Job Hunting Skills
The Employment System
preaches that there are special job hunting skills you must
develop before you can seek a job. Skills like writing a great
resume, answering the Top Ten Interview Questions, and how to
shake hands in the right color suit.
competitor, the headhunter, is busy learning exactly what work the
client needs to have done, and what work skills the perfect job
candidate needs to demonstrate in the interview.
skills have no statistical utility.
headhunter will tell you that employers don't pay for job hunting
skills. On the other hand, every personnel jockey will emphasize
the importance of "learning to play the game."
be surprised to learn that there is little correlation between how
well a candidate interviews and how well he or she performs on
the job. What we know about the traditional interview is even more
stupefying than that. Annette Flippen, a Columbia University
organizational psychologist, says, "The traditional interview
has been shown to have little or no statistical utility as a
selection technique." That is, traditional interviews stink
as a method for hiring the right worker.
skills win the job.
So, how do you hunt for a job? With the only skills that matter --
your work skills. Identify employers that need your work
skills. Find out who exactly: the specific industry, then
the exact companies, and finally the specific manager. If you're
good at your work, talking to the relevant people will be easy.
You have everything in common with them. Find out what exactly
are the problems, challenges and opportunities these employers are
facing. Follow these steps, and you'll be talking with the right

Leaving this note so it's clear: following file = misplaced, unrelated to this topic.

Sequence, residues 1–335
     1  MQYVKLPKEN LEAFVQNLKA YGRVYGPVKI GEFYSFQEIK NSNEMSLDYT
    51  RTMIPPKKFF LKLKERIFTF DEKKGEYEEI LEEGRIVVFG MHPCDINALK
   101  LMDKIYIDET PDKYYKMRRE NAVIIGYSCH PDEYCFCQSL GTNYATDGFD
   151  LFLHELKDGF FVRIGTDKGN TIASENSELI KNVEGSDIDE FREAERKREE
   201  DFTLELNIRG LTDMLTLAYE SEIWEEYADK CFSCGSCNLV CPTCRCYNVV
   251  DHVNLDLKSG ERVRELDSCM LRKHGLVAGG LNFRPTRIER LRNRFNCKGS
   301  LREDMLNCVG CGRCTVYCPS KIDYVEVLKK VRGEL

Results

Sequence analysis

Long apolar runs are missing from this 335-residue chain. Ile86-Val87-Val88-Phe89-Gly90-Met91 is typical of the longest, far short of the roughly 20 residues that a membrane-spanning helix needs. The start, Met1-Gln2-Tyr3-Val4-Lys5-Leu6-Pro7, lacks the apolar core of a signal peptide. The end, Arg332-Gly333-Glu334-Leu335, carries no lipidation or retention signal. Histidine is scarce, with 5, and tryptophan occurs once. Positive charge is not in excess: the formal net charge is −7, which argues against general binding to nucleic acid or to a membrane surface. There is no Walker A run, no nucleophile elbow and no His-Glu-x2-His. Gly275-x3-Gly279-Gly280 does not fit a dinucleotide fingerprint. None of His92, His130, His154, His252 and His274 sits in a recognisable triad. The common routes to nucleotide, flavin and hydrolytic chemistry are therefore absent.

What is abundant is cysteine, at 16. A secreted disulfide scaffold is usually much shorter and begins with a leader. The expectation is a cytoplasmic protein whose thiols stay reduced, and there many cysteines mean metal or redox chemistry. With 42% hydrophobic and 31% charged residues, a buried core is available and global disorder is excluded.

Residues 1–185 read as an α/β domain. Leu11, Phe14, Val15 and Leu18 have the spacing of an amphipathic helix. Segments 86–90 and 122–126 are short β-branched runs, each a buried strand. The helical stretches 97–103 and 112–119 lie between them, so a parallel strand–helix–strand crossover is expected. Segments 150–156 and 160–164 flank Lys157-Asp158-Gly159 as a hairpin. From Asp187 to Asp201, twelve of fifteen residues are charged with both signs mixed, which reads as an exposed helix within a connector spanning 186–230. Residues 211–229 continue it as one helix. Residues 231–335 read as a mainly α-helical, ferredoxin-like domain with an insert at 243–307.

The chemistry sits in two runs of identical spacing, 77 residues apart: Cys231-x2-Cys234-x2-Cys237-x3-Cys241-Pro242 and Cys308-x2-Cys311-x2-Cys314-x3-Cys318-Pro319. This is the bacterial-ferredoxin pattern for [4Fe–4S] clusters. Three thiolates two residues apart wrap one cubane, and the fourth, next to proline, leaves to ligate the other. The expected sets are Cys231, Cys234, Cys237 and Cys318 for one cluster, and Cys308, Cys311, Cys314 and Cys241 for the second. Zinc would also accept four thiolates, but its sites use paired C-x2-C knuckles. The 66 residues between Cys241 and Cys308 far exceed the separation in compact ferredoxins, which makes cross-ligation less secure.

people about the right job.
If you're good at your
work, you can be good at interviewing. The kinds of interviews
where people get hired are ones that are about the thing you are
already very good at: your work. What you need to bone up on is
the problems and challenges the employer is facing. Then you can
appropriately apply your work skills to demonstrate how you're
going to handle them. That's what I call The New Interview™.
Review your work skills,
and answer the only question that really matters: What can you do
to help this employer succeed?
Think that takes more
research? Absolutely right. Do what the headhunter does: Talk with
other employees at the company, talk with the company's vendors
and even its customers. Figure out what the work is all about
before you interview.
headhunters for candidates who can do the work profitably, not for clever
interview repartee. So,
headhunters make sure their candidates are prepared to "go
live" in the interview and do the job. That's the skill that
wins job offers.
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